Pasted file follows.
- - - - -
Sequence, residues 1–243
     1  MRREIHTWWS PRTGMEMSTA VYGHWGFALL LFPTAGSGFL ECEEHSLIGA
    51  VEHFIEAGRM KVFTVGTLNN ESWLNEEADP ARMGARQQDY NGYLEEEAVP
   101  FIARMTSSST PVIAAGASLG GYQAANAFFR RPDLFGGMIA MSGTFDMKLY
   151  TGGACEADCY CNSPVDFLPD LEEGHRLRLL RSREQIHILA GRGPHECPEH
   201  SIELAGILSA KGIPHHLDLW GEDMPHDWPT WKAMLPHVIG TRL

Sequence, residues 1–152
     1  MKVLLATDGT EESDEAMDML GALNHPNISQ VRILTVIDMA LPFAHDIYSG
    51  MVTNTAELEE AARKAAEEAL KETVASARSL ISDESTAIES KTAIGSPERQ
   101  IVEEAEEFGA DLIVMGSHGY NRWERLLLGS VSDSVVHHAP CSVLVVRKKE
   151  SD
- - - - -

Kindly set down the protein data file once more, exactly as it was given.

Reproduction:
Sequence, residues 1–243
     1  MRREIHTWWS PRTGMEMSTA VYGHWGFALL LFPTAGSGFL ECEEHSLIGA
    51  VEHFIEAGRM KVFTVGTLNN ESWLNEEADP ARMGARQQDY NGYLEEEAVP
   101  FIARMTSSST PVIAAGASLG GYQAANAFFR RPDLFGGMIA MSGTFDMKLY
   151  TGGACEADCY CNSPVDFLPD LEEGHRLRLL RSREQIHILA GRGPHECPEH
   201  SIELAGILSA KGIPHHLDLW GEDMPHDWPT WKAMLPHVIG TRL

Sequence, residues 1–152
     1  MKVLLATDGT EESDEAMDML GALNHPNISQ VRILTVIDMA LPFAHDIYSG
    51  MVTNTAELEE AARKAAEEAL KETVASARSL ISDESTAIES KTAIGSPERQ
   101  IVEEAEEFGA DLIVMGSHGY NRWERLLLGS VSDSVVHHAP CSVLVVRKKE
   151  SD